A deep dive into local water

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The subject of water is as deep as the ocean itself. You can skim the surface, or dive deep on the subject, look at it from different directions, investigate it through science, mathematics, economics, art, history and more.

Water, quite literally, is life. So it’s critical that students learn about water in a way that brings the learning home. But how do you approach teaching such a vast and varied subject?

For Wildsight educator Patty Kolesnichenko, the plan was to give students at Kimberley Independent School a rich and immersive education in their local watershed, hooking them in with learning in their own backyard through a Know Your Watershed program.

Know Your Watershed is a regionally-based Columbia Basin Trust education program, administered and delivered by Wildsight educators across the Columbia Basin. While Know Your Watershed is designed for Grade 9, Deep Learning projects give students in other grades the opportunity to dive deep on water-related concepts. So Grade 6/7 students in Ms. Ronalea’s class soaked in learning on their local watershed through a series of interactive projects. 

The main focus for this class was on storm drains, those unassuming metal grates found along every street in any old city. No one really pays attention to them, including students at Kimberley Independent School who would walk by them every day, surely giving them no thought as they went about their days.

“I wanted to help give these students some awareness of what’s going on in their community in terms of water,” explains Patty. “We looked at our watershed; we looked at what impacts in our community affect our watershed, and storm water is a big one. All the other water that moves through our system gets treated somehow. Storm drains don’t, and they can really have an impact on our ecosystem health.”

Students explored how water enters the storm drains, including drawing maps of the school and envisioning if a water droplet falls, where it would land. They did a rainy day survey of their school neighbourhood to see where water flows off of buildings and roads. They looked at the area storm drains, and investigated the nearby creek to see where collected water from drains then enters the creek.

Painting fish on storm drains

The project showed amazing collaboration between Wildsight and the City of Kimberley, as the municipality allowed students to paint bright yellow fish on storm drains near the school to further public education efforts. Now, any time someone walks by a storm drain painted with the yellow fish, they will hopefully consider how they can ensure they are keeping that water clean and clear of cigarette butts, dog feces, car oil, litter and more.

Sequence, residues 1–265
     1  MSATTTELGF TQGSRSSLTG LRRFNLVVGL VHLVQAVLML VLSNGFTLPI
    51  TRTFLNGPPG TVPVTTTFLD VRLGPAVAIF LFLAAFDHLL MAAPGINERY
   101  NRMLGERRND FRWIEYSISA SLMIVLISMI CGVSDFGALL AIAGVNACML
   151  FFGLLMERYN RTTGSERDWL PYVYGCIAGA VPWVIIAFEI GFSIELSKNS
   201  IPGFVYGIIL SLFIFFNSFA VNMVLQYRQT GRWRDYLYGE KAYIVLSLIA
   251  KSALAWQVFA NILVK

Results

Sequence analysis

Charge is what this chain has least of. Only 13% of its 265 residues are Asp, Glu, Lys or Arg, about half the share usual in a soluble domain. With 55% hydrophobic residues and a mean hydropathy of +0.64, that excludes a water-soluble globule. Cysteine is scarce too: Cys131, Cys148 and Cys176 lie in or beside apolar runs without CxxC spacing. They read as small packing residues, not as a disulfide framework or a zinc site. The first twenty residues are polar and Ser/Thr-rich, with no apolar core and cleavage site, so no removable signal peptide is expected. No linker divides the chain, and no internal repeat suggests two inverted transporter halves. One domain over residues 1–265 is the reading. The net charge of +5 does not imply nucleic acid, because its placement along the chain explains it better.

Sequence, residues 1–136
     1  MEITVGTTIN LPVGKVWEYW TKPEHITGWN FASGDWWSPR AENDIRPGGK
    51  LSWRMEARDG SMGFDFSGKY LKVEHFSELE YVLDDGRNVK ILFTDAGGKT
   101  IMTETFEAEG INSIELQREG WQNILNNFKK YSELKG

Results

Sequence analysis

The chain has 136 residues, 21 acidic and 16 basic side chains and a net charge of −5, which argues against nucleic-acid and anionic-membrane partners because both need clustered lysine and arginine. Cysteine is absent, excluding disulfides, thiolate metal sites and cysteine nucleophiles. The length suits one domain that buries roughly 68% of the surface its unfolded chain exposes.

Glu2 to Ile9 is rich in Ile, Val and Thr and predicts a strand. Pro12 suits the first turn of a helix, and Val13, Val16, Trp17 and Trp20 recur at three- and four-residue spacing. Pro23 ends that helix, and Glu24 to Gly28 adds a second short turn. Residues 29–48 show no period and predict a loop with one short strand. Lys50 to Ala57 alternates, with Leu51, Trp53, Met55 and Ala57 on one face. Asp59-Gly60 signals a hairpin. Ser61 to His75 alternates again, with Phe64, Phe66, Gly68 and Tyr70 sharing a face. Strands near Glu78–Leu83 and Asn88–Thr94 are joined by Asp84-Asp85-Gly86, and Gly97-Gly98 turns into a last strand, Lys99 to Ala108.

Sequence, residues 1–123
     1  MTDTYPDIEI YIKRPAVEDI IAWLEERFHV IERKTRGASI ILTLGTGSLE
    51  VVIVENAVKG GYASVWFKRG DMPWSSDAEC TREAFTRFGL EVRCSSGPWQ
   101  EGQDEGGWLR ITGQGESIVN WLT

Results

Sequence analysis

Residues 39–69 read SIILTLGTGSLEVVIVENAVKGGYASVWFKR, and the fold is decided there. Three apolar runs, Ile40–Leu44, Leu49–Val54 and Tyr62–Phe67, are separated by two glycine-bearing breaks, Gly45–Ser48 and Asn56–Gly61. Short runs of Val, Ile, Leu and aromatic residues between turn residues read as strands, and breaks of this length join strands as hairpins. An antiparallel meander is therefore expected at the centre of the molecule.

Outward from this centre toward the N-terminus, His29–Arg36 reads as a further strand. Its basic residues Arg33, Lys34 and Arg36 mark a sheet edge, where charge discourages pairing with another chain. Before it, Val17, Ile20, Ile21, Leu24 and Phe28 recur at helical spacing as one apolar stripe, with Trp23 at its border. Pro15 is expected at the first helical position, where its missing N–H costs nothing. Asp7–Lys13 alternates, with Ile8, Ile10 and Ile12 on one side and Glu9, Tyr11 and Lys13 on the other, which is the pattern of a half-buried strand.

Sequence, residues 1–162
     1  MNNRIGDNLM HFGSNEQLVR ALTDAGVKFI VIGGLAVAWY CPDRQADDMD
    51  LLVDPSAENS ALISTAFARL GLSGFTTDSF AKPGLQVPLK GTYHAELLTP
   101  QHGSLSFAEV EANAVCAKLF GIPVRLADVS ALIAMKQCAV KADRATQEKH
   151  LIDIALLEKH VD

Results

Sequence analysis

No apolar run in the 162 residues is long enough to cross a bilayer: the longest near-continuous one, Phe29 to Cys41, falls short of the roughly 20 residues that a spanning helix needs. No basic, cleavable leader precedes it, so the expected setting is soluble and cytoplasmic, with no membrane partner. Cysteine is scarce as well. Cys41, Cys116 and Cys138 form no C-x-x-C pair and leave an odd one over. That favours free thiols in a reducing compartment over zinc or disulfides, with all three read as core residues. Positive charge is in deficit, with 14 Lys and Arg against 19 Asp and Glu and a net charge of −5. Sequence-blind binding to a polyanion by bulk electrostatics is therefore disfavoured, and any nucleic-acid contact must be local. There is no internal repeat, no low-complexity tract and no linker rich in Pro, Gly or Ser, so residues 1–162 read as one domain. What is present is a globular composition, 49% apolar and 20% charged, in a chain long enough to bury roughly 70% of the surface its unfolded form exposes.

Looking at best management practice ideas for water management.

Taking the knowledge they learned even further, Patty also got students thinking about what they could do to improve water management practices in their own backyards such as installing rain barrels, promoting rain-absorbing materials like grass instead of all concrete, and encouraging ditches with more natural features to increase drainage. They designed their own ‘home of the future’, with water-friendly features like sod roofs, rain barrels, and parking lots with grass instead of pavement.

The children also learned about water filters, investigating things like sediment sizes and what  makes a filter work. The Great Water Filter challenge saw students using plastic water bottles and making their own filters. Through trial and error, they competed to see who made the best filter using materials such as grass, pebbles, charcoal, even cotton balls.

Drawing a ‘home of the future’

Through this Know Your Watershed program, reflects Patty, “students began to understand the bigger picture of water in our community: where it flows, where it’s stored, and what the impacts are if we don’t take care of this place.”

Grade 6/7 teacher Ms. Ronalea says her students loved the amazing, interactive program Patty put together. Doing this kind of hands-on learning helps the material to sink in, she reflects.

“It’s really teaching to their natural curiosity, and still having that element of incorporating movement into it, and trying different ways to do things, and having a connection with being outdoors and actually seeing it for themselves,” says Ms. Ronalea. “They take so much more from it.”

Want to learn more about Know Your Watershed? Visit our website today.

"Water is our most precious resource. Everyone in the Basin should know where their water comes from, where it goes after they use it, and…Lean more